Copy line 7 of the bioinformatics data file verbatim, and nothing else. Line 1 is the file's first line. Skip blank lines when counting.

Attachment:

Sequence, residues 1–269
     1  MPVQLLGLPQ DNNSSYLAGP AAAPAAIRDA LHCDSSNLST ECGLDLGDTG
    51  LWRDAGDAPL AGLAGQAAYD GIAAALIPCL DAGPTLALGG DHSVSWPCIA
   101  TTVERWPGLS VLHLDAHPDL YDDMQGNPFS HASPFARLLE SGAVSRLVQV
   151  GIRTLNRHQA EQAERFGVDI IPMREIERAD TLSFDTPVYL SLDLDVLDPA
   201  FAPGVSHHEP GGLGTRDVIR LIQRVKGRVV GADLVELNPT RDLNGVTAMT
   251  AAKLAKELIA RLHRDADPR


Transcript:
   251  AAKLAKELIA RLHRDADPR